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Tuatara: Volume 11, Issue 2, June 1963

The Root Habit — of Some New Zealand Plants

The Root Habit
of Some New Zealand Plants

Little is known about the root habit of many New Zealand plants. One of the few published works is a paper by McIndoe (1932).

One feature of at least some species of forest tree is their ability to form root grafts. This phenomenon seems to be common in the Nothofagus species and is probably found in others. There are several interesting ecological implications arising from root grafting as it has been shown overseas (see Fraser and Gaertner, 1961), that materials are transmitted from individual to individual through the root systems. Weak plants may survive in a dense stand in this way and this raises the question of the nature of competition in such a situation.

A set of observations on a peculiarity shown by some New Zealand gymnosperms was made by Foweraker (1929) and bears repeating. Foweraker found that Podocarpus totara could survive burial by quite deep deposits of river silt by sending out adventitious roots near the new ground level. Photographs show trees with as many as three series of roots girdling the stem and each separated by several feet. This ability could be important to species inhabiting the flood plains of rivers. Christensen (1923) showed that a number of other New Zealand trees and shrubs survived burial by riverbed gravel in the same way, while others succumbed.

Some of the most aggressive colonisers of bare ground in the mountains are able to produce adventitious roots from stems buried by silt or gravel, or shoots from erosion-exposed parts which are apparently root tissue in nature. These include Muehlenbeckia axillaris, Raoulia spp., Gaultheria rupestris and Cyathodes fraseri. This capacity is shared with the aggressive adventive plant Rumex acetosella.

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It has been noted that some New Zealand trees and larger shrubs produce adventitious shoots readily from root systems which lie near the ground surface. Moar (1955) recorded this for Dacrydium colensoi and the author has seen it in species such as Hoheria glabrata. Griselinia littoralis, Dacrydium bidwillii and Olearia ilicifolia.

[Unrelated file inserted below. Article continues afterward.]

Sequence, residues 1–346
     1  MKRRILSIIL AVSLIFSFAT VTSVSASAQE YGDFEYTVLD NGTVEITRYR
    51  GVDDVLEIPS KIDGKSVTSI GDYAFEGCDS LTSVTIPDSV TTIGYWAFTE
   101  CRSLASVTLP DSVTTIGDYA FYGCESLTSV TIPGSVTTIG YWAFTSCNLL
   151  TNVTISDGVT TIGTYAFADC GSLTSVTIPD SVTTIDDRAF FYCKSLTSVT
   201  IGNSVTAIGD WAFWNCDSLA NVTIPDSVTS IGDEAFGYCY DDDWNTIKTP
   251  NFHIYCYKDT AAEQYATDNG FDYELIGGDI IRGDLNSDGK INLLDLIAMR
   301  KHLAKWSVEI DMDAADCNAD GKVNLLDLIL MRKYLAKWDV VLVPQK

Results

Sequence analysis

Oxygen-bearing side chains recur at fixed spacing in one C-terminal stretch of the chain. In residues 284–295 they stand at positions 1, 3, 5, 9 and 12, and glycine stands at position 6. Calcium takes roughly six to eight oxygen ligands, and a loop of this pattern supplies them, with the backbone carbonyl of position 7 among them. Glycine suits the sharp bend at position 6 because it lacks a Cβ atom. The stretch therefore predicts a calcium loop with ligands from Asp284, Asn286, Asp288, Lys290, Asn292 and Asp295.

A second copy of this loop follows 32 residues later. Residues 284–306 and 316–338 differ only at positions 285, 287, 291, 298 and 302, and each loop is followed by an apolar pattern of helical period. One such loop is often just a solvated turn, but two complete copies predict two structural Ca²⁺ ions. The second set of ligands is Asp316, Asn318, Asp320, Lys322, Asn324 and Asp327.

Amongst the alpine vegetation in New Zealand there are many shrubs, many woody small plants which could be called shrublets and numbers of semi-woody species. There are, in fact, very few soft-stemmed herbs proper. Most of the herb-like species are partially woody or fully woody perennials which creep along at ground level, sending down adventitious roots. This applies, of course, to dicotyledonous plants such as Celmisia discolor, C. lyallii, C. laricifolia, Forstera tenella, Gaultheria depressa, Drapetes dieffenbachii, Coprosma pumila, Ourisia sessilifolia and Geum uniflorum, but even the long-lived monocotyledons like the snowgrasses (Chionochloa spp.) and the Astelias have tough, fibrous, wood-like tissue in their main stems and have the usual monocotyledon capacity for sending out adventitious roots along their leaders. The carpet grass (C. australis) is an extreme example of this. Most of the subalpine scrub species also have the capacity for production of adventitious roots on branches lying along the ground. Gaultheria rupestris, Hebe macrantha, Coprosma serrulata and Podocarpus nivalis are some of these and Wardle (1960) recorded others in a description of downhill layering in subalpine scrub. Mr B. Fineran (pers. comm.) has similarly noted this characteristic in shrub species on the Snares Islands.